Jalen Mills hopes to get a shot at cornerback in the NFL; Vernon Butler uses his basketball background to get an edge _lowres

Associated Press file photo by BRYNN ANDERSON -- LSU's Jalen Mills runs through drills during practice for the Senior Bowl, Tuesday, Jan. 26, 2016, at Fairhope Municipal Stadium, in Fairhope, Ala.

INDIANAPOLIS — Jalen Mills spent his final two seasons at LSU as a safety, but he has always seen himself as a cornerback.

Now that he’s in the NFL draft, Mills is hoping to make an impression at his old position — even if some NFL teams might see him as a hybrid player, capable of playing safety, nickel and shifting out to corner.

“Wherever a team would want me to play, I feel comfortable at both positions,” Mills said. “But if I have to choose, I want to pick cornerback.”

Mills played cornerback his first two seasons at LSU, but a glut of talent at the position in 2014 forced the coaching staff to ask Mills to move to free safety to shore up a position that didn’t have as much experience.

Playing cornerback would be more lucrative. Because of the effect a true, No. 1 cornerback can have against the NFL’s best wide receivers, cornerbacks generally make more money than safeties.

“Not even for that,” Mills said. “I’m not even really in it for the money. That’s just the position I love to play. That’s my first, natural position, and that’s what I’m good at.”

Mills feels at home on the outside, matched up 1-on-1 against receivers.

He believes he proved his worth as a cornerback at the Senior Bowl, where the 6-foot, 191-pound Mills looked like he’d never left the outside in drills against some of the draft’s top receivers.

“I kind of showed guys that I am that dominant cornerback that they’re looking for,” Mills said. “And I think I’m going to prove that some more on Monday.”

Basketball jones

Louisiana Tech defensive tackle Vernon Butler, at 6-foot-4, 323 pounds, is one of the heaviest interior linemen in the draft — but he’s still among the most athletic.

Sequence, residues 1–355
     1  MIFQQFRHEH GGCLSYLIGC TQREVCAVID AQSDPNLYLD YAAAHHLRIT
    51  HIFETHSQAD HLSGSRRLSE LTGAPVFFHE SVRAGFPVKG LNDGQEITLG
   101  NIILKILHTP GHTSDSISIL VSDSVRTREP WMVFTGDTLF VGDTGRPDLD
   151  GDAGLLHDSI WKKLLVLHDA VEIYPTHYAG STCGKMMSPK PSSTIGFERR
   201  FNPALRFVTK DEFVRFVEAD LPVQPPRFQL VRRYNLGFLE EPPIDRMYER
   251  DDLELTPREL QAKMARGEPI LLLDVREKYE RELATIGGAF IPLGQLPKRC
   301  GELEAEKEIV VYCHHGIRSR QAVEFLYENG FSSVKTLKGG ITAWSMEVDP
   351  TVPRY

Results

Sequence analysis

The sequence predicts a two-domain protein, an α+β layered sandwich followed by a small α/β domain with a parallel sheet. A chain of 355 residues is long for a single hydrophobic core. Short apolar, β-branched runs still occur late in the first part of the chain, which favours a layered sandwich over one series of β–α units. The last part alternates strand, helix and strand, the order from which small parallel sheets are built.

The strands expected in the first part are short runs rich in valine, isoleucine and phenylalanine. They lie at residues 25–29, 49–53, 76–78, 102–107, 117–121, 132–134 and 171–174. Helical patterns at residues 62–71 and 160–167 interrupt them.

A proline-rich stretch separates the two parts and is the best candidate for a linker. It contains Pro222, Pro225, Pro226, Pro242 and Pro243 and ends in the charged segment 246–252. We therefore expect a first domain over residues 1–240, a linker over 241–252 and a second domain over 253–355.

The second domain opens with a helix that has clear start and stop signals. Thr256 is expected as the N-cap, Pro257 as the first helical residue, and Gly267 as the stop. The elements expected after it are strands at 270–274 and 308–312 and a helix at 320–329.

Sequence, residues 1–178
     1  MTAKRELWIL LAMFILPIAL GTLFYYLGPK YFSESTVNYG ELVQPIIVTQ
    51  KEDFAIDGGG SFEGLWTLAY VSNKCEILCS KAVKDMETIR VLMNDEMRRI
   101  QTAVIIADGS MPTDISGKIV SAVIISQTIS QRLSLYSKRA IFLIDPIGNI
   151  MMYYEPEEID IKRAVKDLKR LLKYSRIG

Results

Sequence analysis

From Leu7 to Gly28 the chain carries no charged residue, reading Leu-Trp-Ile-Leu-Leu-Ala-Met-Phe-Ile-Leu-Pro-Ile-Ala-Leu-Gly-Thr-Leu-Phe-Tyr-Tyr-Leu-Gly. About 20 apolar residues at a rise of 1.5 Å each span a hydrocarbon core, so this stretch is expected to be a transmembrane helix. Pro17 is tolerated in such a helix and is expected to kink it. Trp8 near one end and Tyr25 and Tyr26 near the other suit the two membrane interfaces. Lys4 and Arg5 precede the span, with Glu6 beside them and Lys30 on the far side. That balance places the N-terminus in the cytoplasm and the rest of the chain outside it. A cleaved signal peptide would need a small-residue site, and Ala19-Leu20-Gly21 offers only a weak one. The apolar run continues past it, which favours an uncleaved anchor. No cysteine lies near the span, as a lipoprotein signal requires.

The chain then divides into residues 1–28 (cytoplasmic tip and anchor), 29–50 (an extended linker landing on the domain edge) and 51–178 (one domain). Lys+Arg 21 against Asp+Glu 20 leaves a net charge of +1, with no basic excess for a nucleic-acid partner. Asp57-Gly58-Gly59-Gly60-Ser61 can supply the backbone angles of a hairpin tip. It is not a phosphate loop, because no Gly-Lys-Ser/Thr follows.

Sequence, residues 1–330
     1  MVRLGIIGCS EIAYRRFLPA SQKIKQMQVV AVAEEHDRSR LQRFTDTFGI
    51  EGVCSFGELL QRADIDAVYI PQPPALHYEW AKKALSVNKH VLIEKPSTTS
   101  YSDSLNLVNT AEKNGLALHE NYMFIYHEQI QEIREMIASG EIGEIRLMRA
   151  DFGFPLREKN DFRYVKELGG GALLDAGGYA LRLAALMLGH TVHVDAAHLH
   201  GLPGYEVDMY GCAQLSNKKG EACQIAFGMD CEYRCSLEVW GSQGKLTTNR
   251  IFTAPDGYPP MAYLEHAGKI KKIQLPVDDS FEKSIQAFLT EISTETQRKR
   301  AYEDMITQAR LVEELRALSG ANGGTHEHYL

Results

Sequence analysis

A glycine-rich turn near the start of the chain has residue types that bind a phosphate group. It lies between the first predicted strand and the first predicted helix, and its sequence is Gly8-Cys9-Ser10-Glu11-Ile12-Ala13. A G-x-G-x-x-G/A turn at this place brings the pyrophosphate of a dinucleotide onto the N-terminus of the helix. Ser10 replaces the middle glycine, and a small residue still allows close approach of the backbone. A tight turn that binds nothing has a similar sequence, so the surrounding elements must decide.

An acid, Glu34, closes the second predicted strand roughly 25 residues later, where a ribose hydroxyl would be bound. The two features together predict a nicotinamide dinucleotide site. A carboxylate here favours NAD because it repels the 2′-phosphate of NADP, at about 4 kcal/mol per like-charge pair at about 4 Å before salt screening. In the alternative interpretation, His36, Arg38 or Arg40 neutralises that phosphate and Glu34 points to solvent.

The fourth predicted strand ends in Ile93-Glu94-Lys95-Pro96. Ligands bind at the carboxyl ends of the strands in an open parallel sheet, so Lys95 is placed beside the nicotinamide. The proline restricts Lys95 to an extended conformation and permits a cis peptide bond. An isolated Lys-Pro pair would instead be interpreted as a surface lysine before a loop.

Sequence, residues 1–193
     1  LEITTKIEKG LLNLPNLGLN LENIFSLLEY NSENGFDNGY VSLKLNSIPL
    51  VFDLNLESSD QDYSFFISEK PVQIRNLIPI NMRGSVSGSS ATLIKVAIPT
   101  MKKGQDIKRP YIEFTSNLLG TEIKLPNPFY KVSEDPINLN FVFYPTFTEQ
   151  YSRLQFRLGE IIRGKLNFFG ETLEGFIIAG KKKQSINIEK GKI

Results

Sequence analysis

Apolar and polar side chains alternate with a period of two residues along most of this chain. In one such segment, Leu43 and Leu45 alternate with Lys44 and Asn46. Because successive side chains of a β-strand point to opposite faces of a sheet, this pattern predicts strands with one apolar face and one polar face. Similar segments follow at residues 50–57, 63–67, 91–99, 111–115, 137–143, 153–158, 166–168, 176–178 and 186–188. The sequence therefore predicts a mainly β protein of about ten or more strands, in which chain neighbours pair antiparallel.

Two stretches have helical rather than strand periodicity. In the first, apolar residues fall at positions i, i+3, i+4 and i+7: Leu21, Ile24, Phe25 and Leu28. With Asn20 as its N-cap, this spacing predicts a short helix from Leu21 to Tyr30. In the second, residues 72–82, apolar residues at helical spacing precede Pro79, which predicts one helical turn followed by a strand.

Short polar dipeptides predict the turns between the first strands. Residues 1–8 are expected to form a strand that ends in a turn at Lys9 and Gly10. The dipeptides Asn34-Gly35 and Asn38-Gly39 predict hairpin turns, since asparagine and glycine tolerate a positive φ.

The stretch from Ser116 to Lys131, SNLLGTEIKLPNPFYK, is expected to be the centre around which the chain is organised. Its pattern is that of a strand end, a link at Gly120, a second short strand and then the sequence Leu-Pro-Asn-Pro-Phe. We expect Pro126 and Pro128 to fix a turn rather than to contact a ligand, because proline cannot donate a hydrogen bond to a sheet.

And it might be because football is his second sport.

Butler, projected as a possible first- or second-round pick in a deep draft for defensive tackles, didn’t start playing football until his junior year at North Pike High in Summit, Miss.

“I played basketball since I was young,” Butler said. “That’s what I did growing up.”

Butler said he was a swing forward for North Pike, playing power forward and small forward.

Butler was good enough to score 38 points in one game and grab 17 rebounds in another.

“When I realized I wasn’t going to be 6-8, 6-9, I had to do something else,” Butler said.

Butler, who trains with two projected first-round defensive tackles in Alabama’s A’Shawn Robinson and Jarran Reed, thinks his athletic ability puts him with the best at his position.

“Not being cocky,” Butler said, “I think I’m the best tackle in the draft.”

Head games

On first impression, Southeastern Louisiana cornerback Harlan Miller seems like a soft-spoken man.

He’s anything but quiet on the field. Miller, who tries to model his game after Seattle Seahawks cornerback Richard Sherman — right down to Sherman’s penchant for getting into verbal wars with receivers.

“He talks a lot of trash, and he backs it up,” Miller said.

Miller, like a lot of cornerbacks, isn’t afraid to verbally mix it up. When things got chippy in Senior Bowl one-on-ones against receivers, Miller was right at home.

“I’ll use whatever I feel like I need to use,” Miller said, laughing. “I can’t tell you (what I like to say).”

When receivers fire back, Miller uses their words as fuel. Despite his small-school background, Miller battled hard at the Senior Bowl, earning Defensive Back of the Week honors.

“You always have that chip on your shoulder,” Miller said. “People are saying you can’t play. Telling me I can’t play is an insult, so I’ve got to prove to you I can.”


The New Orleans Saints are considering bringing in former St. Louis Rams linebacker James Laurinaitis for a free-agent visit next week, according to the NFL Network. ... New Orleans is also preparing to be selected for the HBO show “Hard Knocks,” according to Pro Football Talk. Despite the Saints’ stated dislike for the behind-the-scenes training camp show, the Saints are among seven teams the NFL could force to be on the show. ... Louisiana Tech quarterback Jeff Driskel blazed to a 4.56-second 40-yard dash on the field Saturday, finishing first among the 18 quarterbacks at the combine. Driskel also finished first in the broad jump with a leap of 10 feet, 2 inches.